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L. L. Pan
,
E. L. Atlas
,
R. J. Salawitch
,
S. B. Honomichl
,
J. F. Bresch
,
W. J. Randel
,
E. C. Apel
,
R. S. Hornbrook
,
A. J. Weinheimer
,
D. C. Anderson
,
S. J. Andrews
,
S. Baidar
,
S. P. Beaton
,
T. L. Campos
,
L. J. Carpenter
,
D. Chen
,
B. Dix
,
V. Donets
,
S. R. Hall
,
T. F. Hanisco
,
C. R. Homeyer
,
L. G. Huey
,
J. B. Jensen
,
L. Kaser
,
D. E. Kinnison
,
T. K. Koenig
,
J.-F. Lamarque
,
C. Liu
,
J. Luo
,
Z. J. Luo
,
D. D. Montzka
,
J. M. Nicely
,
R. B. Pierce
,
D. D. Riemer
,
T. Robinson
,
P. Romashkin
,
A. Saiz-Lopez
,
S. Schauffler
,
O. Shieh
,
M. H. Stell
,
K. Ullmann
,
G. Vaughan
,
R. Volkamer
, and
G. Wolfe

Abstract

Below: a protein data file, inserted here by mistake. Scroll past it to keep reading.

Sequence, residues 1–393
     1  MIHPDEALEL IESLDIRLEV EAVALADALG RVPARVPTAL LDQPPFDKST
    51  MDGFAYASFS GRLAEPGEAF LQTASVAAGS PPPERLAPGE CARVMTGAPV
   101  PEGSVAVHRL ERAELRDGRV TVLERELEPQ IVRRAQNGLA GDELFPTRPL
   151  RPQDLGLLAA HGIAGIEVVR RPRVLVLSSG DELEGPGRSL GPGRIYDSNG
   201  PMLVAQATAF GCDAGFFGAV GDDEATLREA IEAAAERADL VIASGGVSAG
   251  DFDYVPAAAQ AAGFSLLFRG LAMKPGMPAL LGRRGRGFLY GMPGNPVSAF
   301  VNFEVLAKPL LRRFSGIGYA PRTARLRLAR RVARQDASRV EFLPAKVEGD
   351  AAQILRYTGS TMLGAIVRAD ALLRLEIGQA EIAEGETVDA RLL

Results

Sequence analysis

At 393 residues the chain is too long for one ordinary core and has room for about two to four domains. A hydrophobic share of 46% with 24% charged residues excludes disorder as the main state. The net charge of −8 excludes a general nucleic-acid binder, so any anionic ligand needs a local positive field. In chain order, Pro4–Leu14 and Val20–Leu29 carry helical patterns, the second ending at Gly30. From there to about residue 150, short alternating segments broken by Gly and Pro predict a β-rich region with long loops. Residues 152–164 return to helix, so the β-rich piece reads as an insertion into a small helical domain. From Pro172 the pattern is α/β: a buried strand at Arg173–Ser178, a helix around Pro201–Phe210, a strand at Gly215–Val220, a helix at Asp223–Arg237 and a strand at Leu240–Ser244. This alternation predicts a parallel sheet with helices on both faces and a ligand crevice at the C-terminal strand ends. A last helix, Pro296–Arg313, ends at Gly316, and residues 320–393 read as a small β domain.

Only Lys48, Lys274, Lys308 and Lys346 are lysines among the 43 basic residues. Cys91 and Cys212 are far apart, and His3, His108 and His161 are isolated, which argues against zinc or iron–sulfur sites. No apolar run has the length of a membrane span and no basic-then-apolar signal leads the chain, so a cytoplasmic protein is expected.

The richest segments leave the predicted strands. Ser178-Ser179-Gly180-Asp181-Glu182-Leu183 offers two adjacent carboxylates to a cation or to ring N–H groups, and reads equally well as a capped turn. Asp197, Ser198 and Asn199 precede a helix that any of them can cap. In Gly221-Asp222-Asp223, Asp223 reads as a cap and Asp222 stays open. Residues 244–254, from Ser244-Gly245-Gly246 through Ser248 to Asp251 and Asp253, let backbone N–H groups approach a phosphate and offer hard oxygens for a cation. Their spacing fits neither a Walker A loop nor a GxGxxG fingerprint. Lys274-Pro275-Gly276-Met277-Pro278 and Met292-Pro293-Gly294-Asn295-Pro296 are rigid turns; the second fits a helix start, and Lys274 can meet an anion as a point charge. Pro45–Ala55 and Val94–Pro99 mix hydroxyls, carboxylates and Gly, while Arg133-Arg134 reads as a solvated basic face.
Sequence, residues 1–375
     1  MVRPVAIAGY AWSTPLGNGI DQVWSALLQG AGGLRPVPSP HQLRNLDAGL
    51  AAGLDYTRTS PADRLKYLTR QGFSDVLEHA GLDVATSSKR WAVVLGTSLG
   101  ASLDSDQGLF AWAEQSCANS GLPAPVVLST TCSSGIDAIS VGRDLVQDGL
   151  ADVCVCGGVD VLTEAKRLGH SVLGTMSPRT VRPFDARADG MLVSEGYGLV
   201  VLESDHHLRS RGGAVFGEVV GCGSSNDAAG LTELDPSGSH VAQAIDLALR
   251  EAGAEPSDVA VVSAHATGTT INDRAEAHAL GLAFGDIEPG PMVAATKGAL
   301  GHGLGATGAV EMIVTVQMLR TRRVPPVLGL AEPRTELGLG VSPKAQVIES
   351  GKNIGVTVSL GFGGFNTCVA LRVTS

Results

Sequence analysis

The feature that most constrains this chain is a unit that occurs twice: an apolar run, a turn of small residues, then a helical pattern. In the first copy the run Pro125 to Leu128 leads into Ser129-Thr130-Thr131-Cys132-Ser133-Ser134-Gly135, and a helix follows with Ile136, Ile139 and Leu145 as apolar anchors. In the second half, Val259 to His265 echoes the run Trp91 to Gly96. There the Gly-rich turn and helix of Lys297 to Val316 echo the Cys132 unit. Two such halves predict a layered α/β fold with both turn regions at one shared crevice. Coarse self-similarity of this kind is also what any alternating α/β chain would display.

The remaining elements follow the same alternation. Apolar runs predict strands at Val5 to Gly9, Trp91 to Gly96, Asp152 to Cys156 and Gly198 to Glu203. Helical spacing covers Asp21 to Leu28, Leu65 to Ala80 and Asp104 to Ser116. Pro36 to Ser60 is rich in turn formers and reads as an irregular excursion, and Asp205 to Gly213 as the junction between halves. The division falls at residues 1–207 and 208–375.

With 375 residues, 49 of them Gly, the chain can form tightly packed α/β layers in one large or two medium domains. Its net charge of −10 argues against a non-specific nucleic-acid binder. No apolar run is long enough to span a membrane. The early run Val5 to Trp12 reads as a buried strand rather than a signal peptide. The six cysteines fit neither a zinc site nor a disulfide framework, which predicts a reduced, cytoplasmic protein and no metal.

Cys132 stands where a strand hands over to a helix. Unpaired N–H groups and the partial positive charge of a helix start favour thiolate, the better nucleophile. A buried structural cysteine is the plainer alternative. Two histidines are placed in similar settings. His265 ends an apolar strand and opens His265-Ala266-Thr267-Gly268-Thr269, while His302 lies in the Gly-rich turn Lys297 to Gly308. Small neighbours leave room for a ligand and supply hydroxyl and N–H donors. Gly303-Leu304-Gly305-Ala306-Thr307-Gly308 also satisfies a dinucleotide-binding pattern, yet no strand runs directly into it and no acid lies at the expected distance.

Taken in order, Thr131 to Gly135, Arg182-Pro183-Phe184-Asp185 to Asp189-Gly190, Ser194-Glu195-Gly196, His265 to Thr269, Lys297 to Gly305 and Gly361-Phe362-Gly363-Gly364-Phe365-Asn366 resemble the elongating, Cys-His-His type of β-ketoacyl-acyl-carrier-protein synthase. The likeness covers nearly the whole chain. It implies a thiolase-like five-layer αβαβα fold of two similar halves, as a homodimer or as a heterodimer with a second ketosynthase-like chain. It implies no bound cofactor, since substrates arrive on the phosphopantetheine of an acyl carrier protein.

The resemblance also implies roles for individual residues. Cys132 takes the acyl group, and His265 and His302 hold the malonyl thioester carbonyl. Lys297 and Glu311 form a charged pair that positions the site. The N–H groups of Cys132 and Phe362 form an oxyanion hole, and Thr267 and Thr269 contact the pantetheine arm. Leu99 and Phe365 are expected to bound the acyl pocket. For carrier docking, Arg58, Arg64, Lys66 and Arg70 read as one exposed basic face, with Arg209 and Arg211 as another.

The Convective Transport of Active Species in the Tropics (CONTRAST) experiment was conducted from Guam (13.5°N, 144.8°E) during January–February 2014. Using the NSF/NCAR Gulfstream V research aircraft, the experiment investigated the photochemical environment over the tropical western Pacific (TWP) warm pool, a region of massive deep convection and the major pathway for air to enter the stratosphere during Northern Hemisphere (NH) winter. The new observations provide a wealth of information for quantifying the influence of convection on the vertical distributions of active species. The airborne in situ measurements up to 15-km altitude fill a significant gap by characterizing the abundance and altitude variation of a wide suite of trace gases. These measurements, together with observations of dynamical and microphysical parameters, provide significant new data for constraining and evaluating global chemistry–climate models. Measurements include precursor and product gas species of reactive halogen compounds that impact ozone in the upper troposphere/lower stratosphere. High-accuracy, in situ measurements of ozone obtained during CONTRAST quantify ozone concentration profiles in the upper troposphere, where previous observations from balloonborne ozonesondes were often near or below the limit of detection. CONTRAST was one of the three coordinated experiments to observe the TWP during January–February 2014. Together, CONTRAST, Airborne Tropical Tropopause Experiment (ATTREX), and Coordinated Airborne Studies in the Tropics (CAST), using complementary capabilities of the three aircraft platforms as well as ground-based instrumentation, provide a comprehensive quantification of the regional distribution and vertical structure of natural and pollutant trace gases in the TWP during NH winter, from the oceanic boundary to the lower stratosphere.